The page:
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Shoulder Problems

Calcifying Tendinitis


The rotator cuff is a group of muscles in the shoulder that consists of the supraspinatus, infraspinatus, subscapularus and teres minor. There work is to stabilize the ball shaped humeral head in the socket shaped glenoid fossa during a wide range of movements which would otherwise dislocate the humeral head from the socket. By spanning over the glenohumeral joint between the humerus and the scapula, they are able to serve this function.

Calcifying or calcific tendinitis involves the accumulation of calcium in one of these 4 tendons. During the process of calcium deposit, but especially during the re-uptake of these calcium, an inflammatory process is triggered which causes severe pain and limitation of shoulder movement.


The cause of calcifying tendinitis is not fully understood yet, but is seems as if local pressure on the tendon combined with an oxygen shortage in this area contribute to the formation. In certain individuals there is a higher tendency to develop this condition, probably on a genetic basis.

There are different phases of this condition and it is often in the later phases of the condition that pain occurs.


The condition is very painful, especially during shoulder movements. Other movements may, however, be painless. Night pain exists and it is also painful to lie on the affected shoulder.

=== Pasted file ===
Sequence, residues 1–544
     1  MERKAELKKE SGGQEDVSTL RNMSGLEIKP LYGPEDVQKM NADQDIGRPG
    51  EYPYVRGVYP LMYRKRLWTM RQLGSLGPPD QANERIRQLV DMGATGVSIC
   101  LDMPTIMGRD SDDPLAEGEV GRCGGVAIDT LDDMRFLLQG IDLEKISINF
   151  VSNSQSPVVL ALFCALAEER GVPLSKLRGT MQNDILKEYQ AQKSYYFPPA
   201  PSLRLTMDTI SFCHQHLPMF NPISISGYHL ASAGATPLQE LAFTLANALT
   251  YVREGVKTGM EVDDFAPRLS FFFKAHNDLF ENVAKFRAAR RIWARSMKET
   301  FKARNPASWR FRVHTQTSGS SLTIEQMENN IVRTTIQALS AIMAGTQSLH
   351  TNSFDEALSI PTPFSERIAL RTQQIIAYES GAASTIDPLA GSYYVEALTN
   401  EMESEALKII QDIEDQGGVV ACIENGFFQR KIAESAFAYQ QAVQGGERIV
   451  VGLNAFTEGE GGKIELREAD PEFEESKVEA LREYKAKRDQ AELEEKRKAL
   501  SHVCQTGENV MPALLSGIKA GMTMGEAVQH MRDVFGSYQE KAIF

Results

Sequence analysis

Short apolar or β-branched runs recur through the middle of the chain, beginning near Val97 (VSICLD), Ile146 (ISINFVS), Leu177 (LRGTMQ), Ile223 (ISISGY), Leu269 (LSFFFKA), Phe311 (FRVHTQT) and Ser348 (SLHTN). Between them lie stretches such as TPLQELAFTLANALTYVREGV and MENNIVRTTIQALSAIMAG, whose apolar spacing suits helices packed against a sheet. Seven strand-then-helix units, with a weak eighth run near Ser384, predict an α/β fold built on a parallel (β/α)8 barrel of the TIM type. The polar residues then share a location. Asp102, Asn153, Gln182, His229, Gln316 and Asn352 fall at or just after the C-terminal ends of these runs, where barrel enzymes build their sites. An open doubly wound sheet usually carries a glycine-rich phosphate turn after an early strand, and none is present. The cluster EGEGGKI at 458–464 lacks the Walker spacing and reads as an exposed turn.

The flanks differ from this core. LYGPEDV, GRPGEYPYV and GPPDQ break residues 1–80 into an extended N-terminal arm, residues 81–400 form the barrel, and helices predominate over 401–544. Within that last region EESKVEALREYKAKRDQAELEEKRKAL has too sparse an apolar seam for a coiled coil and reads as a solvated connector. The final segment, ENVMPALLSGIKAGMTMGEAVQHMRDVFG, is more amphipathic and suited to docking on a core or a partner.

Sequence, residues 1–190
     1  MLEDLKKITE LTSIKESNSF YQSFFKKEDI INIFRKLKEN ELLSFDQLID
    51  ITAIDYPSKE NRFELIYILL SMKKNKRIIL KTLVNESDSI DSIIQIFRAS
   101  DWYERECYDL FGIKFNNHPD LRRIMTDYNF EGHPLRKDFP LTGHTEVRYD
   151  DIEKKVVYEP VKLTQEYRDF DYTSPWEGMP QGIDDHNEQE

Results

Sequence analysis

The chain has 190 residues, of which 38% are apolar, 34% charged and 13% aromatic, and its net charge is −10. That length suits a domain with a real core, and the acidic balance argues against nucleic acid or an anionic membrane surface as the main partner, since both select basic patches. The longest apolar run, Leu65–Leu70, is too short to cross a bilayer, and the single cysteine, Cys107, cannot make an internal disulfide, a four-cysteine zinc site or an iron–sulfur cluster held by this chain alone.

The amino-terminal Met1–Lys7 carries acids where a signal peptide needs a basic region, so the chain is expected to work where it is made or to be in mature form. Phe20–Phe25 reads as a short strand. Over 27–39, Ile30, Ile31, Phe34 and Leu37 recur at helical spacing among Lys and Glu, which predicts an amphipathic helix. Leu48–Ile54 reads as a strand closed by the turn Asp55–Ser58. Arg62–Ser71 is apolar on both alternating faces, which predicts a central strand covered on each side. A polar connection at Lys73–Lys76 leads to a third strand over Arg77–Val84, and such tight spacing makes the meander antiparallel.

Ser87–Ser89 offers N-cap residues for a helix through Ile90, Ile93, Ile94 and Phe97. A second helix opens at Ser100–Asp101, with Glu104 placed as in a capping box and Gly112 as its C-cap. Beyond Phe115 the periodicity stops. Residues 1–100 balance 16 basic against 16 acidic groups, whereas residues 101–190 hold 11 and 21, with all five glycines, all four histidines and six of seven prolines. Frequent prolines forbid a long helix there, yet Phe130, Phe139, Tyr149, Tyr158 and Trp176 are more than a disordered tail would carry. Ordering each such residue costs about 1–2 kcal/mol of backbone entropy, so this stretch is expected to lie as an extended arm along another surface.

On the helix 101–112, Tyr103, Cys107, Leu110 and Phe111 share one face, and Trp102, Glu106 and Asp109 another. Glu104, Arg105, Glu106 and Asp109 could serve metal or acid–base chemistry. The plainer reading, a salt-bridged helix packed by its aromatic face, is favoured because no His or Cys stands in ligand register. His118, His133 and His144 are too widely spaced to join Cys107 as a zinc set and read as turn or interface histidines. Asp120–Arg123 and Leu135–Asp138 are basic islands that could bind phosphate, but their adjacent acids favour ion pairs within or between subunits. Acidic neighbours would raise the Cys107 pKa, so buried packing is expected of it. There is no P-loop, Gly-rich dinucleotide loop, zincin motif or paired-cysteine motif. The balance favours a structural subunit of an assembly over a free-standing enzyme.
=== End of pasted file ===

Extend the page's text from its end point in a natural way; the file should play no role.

The classification is influenced by the size of the calcium, the appearance thereof as well as where it is situated in the rotator cuff. Another type of calcification in tendons also exists and is usually present in degenerated tendons. The course of the latter condition, however, is different from classic calcifying tendinitis.


Calcific tendinitis is treated by resting the shoulder, anti-inflammatory medication and physiotherapy. The arm can be immobilized in a sling and at night it can be rested on a pillow in a comfortable position. In acute cases that do not respond to the above mentioned treatment, one cortisone infiltration can be administered.

Calcific tendinitis tends to clear up by itself, but in cases where insufficient pain relief is obtained by the above mentioned techniques, a needle prick decalcification or an arthroscopic debridement of the calcification can be employed to help the body to clear up the calcium deposit. Where indicated, a decompression of the rotator cuff is done by arthroscopic acromioplasty.

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